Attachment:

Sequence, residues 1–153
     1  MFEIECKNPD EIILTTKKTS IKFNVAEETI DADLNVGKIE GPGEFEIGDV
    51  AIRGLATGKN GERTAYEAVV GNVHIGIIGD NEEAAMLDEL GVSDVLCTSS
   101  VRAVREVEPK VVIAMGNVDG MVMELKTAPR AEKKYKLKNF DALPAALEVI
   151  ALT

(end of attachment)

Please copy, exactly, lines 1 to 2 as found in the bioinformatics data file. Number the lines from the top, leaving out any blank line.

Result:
Sequence, residues 1–153
     1  MFEIECKNPD EIILTTKKTS IKFNVAEETI DADLNVGKIE GPGEFEIGDV